What did you think an artist would pick up on from your poem?
Poet Amorak Huey: I honestly wasn’t sure what to expect. This isn’t my most visual poem. Ringmasters and circuses offer some iconic possibilities, perhaps, and the cinderblock sky of the opening couplet was an image that pleased me. From looking at Meghan’s earlier Broadsided pieces, I figured she wouldn’t be too literal—too “matchy-matchy” as they say on Project Runway. I was excited to see what she’d come up with, and I was not disappointed.
What inspires you in this poem?
Artist Meghan Keane: I was, and continue to be, inspired by how complicated the imagery was to consider in visual form. It was a bit dark, enigmatic, frenetic yet motionless (“unable to be still” yet “drowning”)… I was actually very drawn to the aspects of the poem that represent the less polished part of human experience, a more truthful depiction of a complete life.
Did the visual artist refract any element of the poem that made you see the poem differently?
Poet Amorak Huey: I knew the poem isn’t the cheeriest thing ever written, but I was struck immediately by the tension—frustration? anger, maybe even?—on the right side of the page. I love the messiness of it, the scribbling-out of it,—and I also love the brightness of the red at the left hinting at something more vivid happening off the page, in the way that the ringmaster’s circus life, inside the ring, happens outside the poem.
What surprised you when you saw the poem and art together?
Artist Meghan Keane: I was surprised at how well the two seemed to belong together; they played off of each other well, as if partners in this sort of behind the scenes darkness, or cohabitants of a frank, pessimistic psychological space. I think the expression of each is heightened having them together. It would be a treat if the poet might think so as well.
What surprised you about this collaborative piece?
Poet Amorak Huey: I don’t know that I was especially surprised by any part of it. I tried to keep an open mind about the particulars of the visual art, so I had no especial expectations beyond expecting to love it. Which I do.
When you began this piece, was it color, shape, or some other aspect that you followed? Did that change?
Artist Meghan Keane: I began these monoprints with repeating lines. There was something in the mesmerizing aspect of the poem, being trapped in a certain state, like the shark and the people in the poem, that kind of launched the work. Drawing square, within square, within square…. The color came after. The red grew out of a strong sense of violence, but not meant to be “bloody”… more of a gesture that ruptures, to visually articulate a general malaise… no other colors resonated with me. It was this red in particular.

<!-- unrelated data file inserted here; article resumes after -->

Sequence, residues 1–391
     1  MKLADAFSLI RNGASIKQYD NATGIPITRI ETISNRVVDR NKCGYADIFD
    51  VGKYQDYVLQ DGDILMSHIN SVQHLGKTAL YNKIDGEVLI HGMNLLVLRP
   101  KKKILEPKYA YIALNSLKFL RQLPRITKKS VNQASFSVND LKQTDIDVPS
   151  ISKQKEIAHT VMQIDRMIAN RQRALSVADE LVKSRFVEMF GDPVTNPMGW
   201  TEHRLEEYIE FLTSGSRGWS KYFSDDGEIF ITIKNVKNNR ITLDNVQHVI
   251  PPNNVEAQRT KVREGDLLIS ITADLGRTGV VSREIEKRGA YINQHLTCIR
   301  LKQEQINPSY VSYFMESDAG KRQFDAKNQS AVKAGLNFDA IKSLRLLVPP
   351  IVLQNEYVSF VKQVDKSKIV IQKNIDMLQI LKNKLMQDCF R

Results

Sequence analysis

Have you ever written work that has been inspired by visual art? What was that experience like for you? Why were you inspired to do so?
Poet Amorak Huey: I wrote a poem about an unfinished painting of St. Jerome by Da Vinci. I liked the process a lot—the interpreting of someone else’s work from one medium to another, almost like translating—but I have the sense the poem didn’t turn out very well, alas.
If you had to represent the Broadsided of “The Ringmaster Answers the Phone” with one word, what would it be?
Poet Amorak Huey: Intense
Artist Meghan Keane: Truth
Read any good books lately?
Poet Amorak Huey: Lots. Always. Mostly poetry: Timothy Donnelly’s Cloud Corporation. Traci Brimhall’s Rookery. Among others. Also, Caitlin Horrocks’ book of short stories, This Is Not Your City.
Artist Meghan Keane: I am working through Chekhov’s plays, since purchasing a book featuring his eight most famous works. His satires are actually quite hard to read without actors in front of me, I discovered. But it has been a delight to get to know the extended pieces he is most famous for: The Seagull, Uncle Vanya, etc. I love reading works by Russian writers in winter. It is a pleasure similar to this poem; a bit dark, but the truth is redeeming (for the reader, although not necessarily for the characters!).
Seen any good art lately?
Poet Amorak Huey: I recently discovered the paintings of Mab Graves. Love! In fact, there’s one image I want to be the cover of my circus-themed chapbook (which includes this poem), if a publisher takes it and lets me choose the cover.
Artist Meghan Keane: I spent the day browsing the Joan Mitchell Foundation website. I recommend looking at their grant recipients. It is an impressive array of contemporary work from under-recognized artists working in painting and sculpture.
Poet Amorak Huey: I love the Broadsided project. Love anything that puts poetry into places it might not normally go. So thanks for letting me be a part of it. And thanks to Meghan for such lovely work.
Artist Meghan Keane: Thank you Broadsided for taking me up on the proposal to custom design the composition of the artwork (two monoprints) and the layout of the final piece with the poem. It is always a treat to collaborate with great poets and open minded publishers!